Can Broker return Buyers earnest money deposit despite non-performance and no permission from Seller?

Asked 4 months ago - Fall River, MA

As a Seller by Owner, I emphasized to everyone that I will NOT pay broker fees. I received a signed cash Offer with $1000 deposit, waiver of home inspection, NO request for me to pay a broker fee. I accepted a verbally with condition that 100% proof-of-funds are produced upon signing P&S (buyers gave partial). Before attorneys would draft P&S, I had to accept Offer in writing, which I did, yet Buyers would not sign P&S unless I split Broker fee! I refused. Broker confirmed in writing that clients were clear on fee. Buyers’ attorney says that I never considered the condo under agreement unless P&S was signed and there was no "meeting of minds". False. I rejected 2 other Offers and paid attorney. Broker gave $1000 deposit back to Buyers. Can she do that? Can I win in small claims pro se?

Additional information

The Buyers came back and wanted to salvage the deal after days of silence. I refused to do business with them, esp. since proof-of-funds was missing and I had lost other Buyers because of them. Fool me twice...

Attorney answers (3)

  1. Todd Allen Davidson

    Contributor Level 14

    4

    Lawyers agree

    Answered . As long as you were using a standard form Offer to Purchase form, the Offer became binding when the parties signed the Offer and the $1000 was provided as consideration. As the buyers had no contingencies, they were bound by the Offer to Purchase and if they failed to perform, the amount they risked forfeiting was the $1000. If the buyers signed the Offer that did not mention a broker fee split, then there should be no broker fee split. That is why it was important for the buyers to have an attorney review the document to make sure that it contained all of the terms of the deal. As for the broker, based on your facts here, what should happen to the deposit was in dispute and a broker should never release monies held in escrow without a document signed by the parties releasing the deposit. If the broker releases that money without a signed written document, the broker has exposed him/her to being liable for the $1000.

    Legally speaking, you have a good case. Practically speaking, it is going to cost you more than $1000 to resolve the issue. As the buyer did not sign the P&S and provide any additional funds, you are not entitled to anything more than the $1000. It would probably be best to let the buyer, who wasn't seriously interested, walk and find another broker who better understands the role of holding funds held in escrow.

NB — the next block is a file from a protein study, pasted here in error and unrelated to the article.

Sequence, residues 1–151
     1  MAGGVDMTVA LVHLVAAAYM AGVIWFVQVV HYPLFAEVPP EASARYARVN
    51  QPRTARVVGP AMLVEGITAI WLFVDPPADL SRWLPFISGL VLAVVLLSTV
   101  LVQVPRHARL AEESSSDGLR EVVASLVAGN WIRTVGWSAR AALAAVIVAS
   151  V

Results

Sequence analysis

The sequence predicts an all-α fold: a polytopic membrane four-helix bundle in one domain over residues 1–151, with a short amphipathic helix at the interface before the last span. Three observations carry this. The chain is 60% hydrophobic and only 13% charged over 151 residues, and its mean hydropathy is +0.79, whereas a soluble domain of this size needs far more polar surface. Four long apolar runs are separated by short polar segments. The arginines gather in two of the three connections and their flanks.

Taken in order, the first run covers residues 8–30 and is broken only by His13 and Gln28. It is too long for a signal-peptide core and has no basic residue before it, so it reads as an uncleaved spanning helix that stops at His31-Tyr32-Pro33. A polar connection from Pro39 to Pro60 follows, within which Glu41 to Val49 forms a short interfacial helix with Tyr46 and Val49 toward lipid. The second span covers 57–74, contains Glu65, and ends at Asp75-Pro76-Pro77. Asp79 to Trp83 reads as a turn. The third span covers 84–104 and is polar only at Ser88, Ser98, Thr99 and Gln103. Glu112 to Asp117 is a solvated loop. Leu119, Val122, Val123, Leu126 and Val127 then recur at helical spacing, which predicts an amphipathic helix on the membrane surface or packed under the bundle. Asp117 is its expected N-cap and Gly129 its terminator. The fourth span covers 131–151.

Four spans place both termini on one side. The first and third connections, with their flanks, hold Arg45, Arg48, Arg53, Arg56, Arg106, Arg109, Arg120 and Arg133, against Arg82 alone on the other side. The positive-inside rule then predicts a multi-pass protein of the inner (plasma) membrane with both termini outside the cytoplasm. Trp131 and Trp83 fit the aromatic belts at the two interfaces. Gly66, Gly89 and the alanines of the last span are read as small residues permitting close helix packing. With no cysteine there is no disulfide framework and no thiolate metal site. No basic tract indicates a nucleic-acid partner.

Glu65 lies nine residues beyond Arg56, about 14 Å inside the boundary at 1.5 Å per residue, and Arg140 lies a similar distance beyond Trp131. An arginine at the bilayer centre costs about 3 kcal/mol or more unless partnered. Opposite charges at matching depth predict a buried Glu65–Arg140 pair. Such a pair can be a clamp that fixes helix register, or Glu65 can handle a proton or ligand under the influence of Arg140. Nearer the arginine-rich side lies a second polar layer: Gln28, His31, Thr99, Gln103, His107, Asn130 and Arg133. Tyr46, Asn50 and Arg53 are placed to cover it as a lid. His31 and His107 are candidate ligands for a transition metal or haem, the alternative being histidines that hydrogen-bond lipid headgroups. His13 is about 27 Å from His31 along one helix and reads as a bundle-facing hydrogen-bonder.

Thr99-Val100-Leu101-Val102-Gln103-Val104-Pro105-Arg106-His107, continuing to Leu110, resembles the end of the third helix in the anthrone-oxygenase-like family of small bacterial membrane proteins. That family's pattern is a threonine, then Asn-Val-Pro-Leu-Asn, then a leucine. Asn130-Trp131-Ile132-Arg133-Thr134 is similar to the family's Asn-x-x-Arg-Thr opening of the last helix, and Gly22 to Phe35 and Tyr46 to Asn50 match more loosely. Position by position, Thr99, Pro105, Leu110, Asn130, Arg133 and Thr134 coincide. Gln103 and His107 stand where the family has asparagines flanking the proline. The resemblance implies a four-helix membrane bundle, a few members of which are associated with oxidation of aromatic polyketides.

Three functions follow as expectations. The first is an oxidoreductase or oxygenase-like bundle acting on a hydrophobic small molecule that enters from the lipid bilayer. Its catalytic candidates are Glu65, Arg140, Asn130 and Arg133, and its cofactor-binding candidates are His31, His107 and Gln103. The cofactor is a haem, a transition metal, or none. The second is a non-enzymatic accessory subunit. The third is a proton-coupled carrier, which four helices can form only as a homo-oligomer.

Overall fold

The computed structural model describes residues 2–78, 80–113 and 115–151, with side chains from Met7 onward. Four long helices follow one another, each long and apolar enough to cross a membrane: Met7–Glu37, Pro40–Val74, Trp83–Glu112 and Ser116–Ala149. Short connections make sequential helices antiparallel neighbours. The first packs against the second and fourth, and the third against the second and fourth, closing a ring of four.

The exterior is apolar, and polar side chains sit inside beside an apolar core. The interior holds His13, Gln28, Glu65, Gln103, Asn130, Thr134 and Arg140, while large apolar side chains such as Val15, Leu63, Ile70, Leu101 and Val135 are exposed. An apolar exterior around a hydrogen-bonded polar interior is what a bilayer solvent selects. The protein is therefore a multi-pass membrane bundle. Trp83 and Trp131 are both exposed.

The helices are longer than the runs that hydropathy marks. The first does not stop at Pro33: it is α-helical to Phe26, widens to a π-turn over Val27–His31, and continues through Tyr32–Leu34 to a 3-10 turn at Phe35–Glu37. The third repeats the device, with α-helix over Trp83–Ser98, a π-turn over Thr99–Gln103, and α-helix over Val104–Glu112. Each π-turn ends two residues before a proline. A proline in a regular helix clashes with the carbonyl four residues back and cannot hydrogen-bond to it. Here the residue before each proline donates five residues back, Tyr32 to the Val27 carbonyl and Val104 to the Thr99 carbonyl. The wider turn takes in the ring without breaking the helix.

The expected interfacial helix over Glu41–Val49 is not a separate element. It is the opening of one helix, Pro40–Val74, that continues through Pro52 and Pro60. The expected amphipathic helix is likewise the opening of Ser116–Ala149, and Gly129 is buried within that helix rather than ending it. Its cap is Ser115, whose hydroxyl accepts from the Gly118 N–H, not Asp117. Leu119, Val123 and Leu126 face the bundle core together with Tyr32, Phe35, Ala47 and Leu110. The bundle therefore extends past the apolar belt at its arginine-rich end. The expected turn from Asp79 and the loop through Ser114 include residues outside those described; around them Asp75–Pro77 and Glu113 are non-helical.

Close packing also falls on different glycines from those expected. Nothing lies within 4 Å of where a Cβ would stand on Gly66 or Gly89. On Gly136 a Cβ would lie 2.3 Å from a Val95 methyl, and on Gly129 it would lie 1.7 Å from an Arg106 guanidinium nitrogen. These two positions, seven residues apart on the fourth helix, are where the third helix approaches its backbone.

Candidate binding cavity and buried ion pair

The content of this answer should not be relied upon or used as a subsitute for consultation with professional... more
  2. Michael J. Szklasz

    Pro

    Contributor Level 17

    1

    Lawyer agrees

    Answered . I assume that you used the standard form. If so, the $1000.00 should not have been released but held in dispute. It was the broker's responsibility to hold the deposit and the "meeting of the minds" issue is not at issue if the broker's fee was not in the offer. You have several options. First, allow the buyer to walk with his/her deposit. Second, you can sue for the deposit and related expenses (attorney's fees in your question. If you sue and are successful, the court will award court costs). Finally, you can negotiate with the attorney for the return of part of the deposit. Given the circumstances and the small amount of money, you should try to settle.

    No answer provided by this attorney in this forum is to be considered legal advice. No attorney-client... more
  3. John J Dorsey

    Pro

    Contributor Level 7

    Answered . In MA, an offer to purchase is generally not valid and binding unless it contains price, certain closing date, property description and brokers fee. Since there was no apparent agreement on brokers fee a subsequent writing will be required - a p&s to have a binding agreement. Therefore unless there is some agreement on the fee it would be tough to say u have a binding Agreement. U would need to show some other intent of the parties evidence that would show whether a binding agreement is present. Also. The intent to sign a subsequent agreement here a ps creates a presumption the parties never intended to be bound by the first agreement

    This response is only general and preliminary in nature and is not intended to serve as any legal undertaking,... more

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